Man­u­fac­tur­ing brief­ing: Af­ter J&J-Emer­gent mix­up, few­er dos­es ex­pect­ed in US next week; Boehringer taps Ox­ford for vi­ral vec­tors

Amer­i­cans will see a sig­nif­i­cant drop in J&J Covid-19 vac­cines al­lo­cat­ed next week, ac­cord­ing to da­ta from the CDC.

A re­port from Reuters not­ed that just 785,500 dos­es will be doled out, com­pared to 4.95 mil­lion this week.

The New York Times pre­vi­ous­ly re­port­ed that a mix­up at a Bal­ti­more Emer­gent fa­cil­i­ty re­sult­ed in 15 mil­lion fu­ture dos­es be­ing ru­ined. Cal­i­for­nia is the main re­cip­i­ent of the J&J vac­cine, fol­lowed by Texas and Flori­da, Reuters said.

Weeks af­ter Sanofi backed out of vi­ral vec­tors deal, Ox­ford inks agree­ment with Boehringer In­gel­heim

Ox­ford Bio­med­ica an­nounced Tues­day that it signed a new three-year deal with Boehringer In­gel­heim for the man­u­fac­tur­ing and sup­ply of vi­ral vec­tors.

Ox­ford will man­u­fac­ture batch­es for Boehringer In­gel­heim for a sup­ply of var­i­ous types of vi­ral vec­tors, a re­lease said.

The deal is the lat­est in a part­ner­ship be­tween the two com­pa­nies start­ed in 2018.

“We now have a port­fo­lio of part­ner­ships spread across de­vel­op­ment of CAR-Ts, TCR-Ts and in vi­vo gene ther­a­peu­tics, util­is­ing lentivi­ral vec­tors,” Ox­ford CEO John Daw­son said in a state­ment. “We are proud to part­ner with Boehringer In­gel­heim, a busi­ness with proven ex­cel­lence in com­plex man­u­fac­tur­ing projects, as well as ex­per­tise in de­vel­op­ing in­no­v­a­tive med­i­cines for pa­tients with se­ri­ous un­met med­ical needs.”

The UK tries to spur man­u­fac­tur­ing in­vest­ment at home with new grant fund

In a move to en­cour­age man­u­fac­tur­ing at home, the UK gov­ern­ment an­nounced a fund through which man­u­fac­tur­ers can now ap­ply for a share of up to $27.5 mil­lion.

The mon­ey is open to pri­vate man­u­fac­tur­ers in hu­man med­i­cine, med­ical di­ag­nos­tics and medtech. The pro­gram is geared at cre­at­ing jobs and eco­nom­ic growth, as well as cre­ate prod­ucts that will “con­tribute to the build­ing of the UK’s health re­silience.”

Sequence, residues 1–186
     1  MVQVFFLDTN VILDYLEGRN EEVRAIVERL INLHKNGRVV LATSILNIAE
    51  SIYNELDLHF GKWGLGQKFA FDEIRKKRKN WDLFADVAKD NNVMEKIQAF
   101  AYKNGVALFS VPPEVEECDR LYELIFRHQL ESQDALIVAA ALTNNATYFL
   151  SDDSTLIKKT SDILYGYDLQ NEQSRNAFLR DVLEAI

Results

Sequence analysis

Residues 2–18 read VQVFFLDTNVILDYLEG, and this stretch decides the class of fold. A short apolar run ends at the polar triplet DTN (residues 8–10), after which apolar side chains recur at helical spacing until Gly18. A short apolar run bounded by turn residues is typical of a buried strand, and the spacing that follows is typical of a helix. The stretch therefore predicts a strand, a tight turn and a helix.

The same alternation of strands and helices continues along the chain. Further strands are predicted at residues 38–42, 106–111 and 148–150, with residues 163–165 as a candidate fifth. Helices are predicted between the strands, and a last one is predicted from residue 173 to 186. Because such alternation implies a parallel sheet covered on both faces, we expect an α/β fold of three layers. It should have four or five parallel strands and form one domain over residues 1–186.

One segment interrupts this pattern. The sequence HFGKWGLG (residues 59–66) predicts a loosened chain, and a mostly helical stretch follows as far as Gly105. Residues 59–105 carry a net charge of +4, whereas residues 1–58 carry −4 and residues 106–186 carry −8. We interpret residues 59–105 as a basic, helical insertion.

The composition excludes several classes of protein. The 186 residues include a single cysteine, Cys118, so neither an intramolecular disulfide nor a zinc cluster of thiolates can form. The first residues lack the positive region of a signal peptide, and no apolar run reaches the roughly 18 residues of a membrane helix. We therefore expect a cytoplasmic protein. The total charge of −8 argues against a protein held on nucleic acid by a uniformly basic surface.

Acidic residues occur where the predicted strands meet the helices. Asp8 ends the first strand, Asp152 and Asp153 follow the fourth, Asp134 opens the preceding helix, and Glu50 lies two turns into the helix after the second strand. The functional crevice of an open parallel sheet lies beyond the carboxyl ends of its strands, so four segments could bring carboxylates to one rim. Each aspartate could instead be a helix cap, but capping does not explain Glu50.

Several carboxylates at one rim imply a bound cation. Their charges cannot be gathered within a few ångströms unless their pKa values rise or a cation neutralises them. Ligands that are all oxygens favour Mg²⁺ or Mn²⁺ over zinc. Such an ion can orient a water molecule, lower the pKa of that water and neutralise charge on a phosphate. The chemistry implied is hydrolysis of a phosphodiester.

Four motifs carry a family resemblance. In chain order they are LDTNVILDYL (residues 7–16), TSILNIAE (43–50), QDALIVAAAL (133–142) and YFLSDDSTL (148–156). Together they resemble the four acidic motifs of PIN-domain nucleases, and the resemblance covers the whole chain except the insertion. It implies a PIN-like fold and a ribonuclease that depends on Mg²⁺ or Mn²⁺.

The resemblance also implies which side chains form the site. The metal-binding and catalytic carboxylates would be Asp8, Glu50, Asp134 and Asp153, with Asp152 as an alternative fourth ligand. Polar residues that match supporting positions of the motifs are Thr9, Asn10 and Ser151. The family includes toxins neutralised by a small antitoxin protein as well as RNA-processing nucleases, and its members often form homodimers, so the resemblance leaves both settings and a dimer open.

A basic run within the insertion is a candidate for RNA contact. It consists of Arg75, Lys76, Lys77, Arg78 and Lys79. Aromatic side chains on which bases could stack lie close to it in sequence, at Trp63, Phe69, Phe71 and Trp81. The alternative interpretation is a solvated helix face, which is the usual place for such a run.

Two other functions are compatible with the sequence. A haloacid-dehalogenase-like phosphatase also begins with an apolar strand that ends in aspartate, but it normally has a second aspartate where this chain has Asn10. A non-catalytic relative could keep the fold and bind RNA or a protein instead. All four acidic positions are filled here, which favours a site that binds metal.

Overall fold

Those who re­ceive fund­ing will have so for one year. To be el­i­gi­ble, ap­pli­cants must be able to spend the mon­ey be­fore next March. Busi­ness­es will have to con­firm that their el­i­gi­ble costs are greater than $10.99 mil­lion. Com­pa­nies must al­so be able to pro­ceed with the project, with­out de­lay, with­in four weeks.

Sup­ply chain com­pa­nies are not el­i­gi­ble for the fund­ing, and the mon­ey can­not be used for salaries, R&D or train­ing.

“Dur­ing the ap­pli­ca­tion process, you will al­so be asked to con­firm that the project can­not vi­ably pro­ceed with­out pub­lic sec­tor sup­port,” the scheme guid­ance states.

The ap­pli­ca­tion dead­line is June 30 at 11:59 p.m.

Qual­i­ty Con­trol in Cell and Gene Ther­a­py – What’s Re­al­ly at Stake?

In early 2021, Bluebird Bio was forced to suspend clinical trials of its gene therapy for sickle cell disease after two patients in the trial developed cancer. As company scientists rushed to assess whether there was any causal link between the therapy and the cancer cases, Bluebird’s stock value plummeted – as did those of multiple other biopharma companies developing similar therapies.

While investigations concluded that the gene therapy was unlikely to have caused cancer, investors and the public may be more skittish regarding the safety of gene and cell therapies after this episode. This recent example highlights how delicate the fields of cell and gene therapy remain today, even as they show great promise.

Law pro­fes­sors call for FDA to dis­close all safe­ty and ef­fi­ca­cy da­ta for drugs

Back in early 2018 when Scott Gottlieb led the FDA, there was a moment when the agency seemed poised to release redacted complete response letters and other previously undisclosed data. But that initiative never gained steam.

Now, a growing chorus of researchers are finding that a dearth of public data on clinical trials and pharmaceuticals means industry and the FDA cannot be held accountable, two law professors from Yale and New York University write in an article published Wednesday in the California Law Review.

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Novavax CEO Stanley Erck at the White House in 2020 (Andrew Harnik, AP Images)

As fears mount over J&J and As­traZeneca, No­vavax en­ters a shaky spot­light

As concerns rise around the J&J and AstraZeneca vaccines, global attention is increasingly turning to the little, 33-year-old, productless, bankruptcy-flirting biotech that could: Novavax.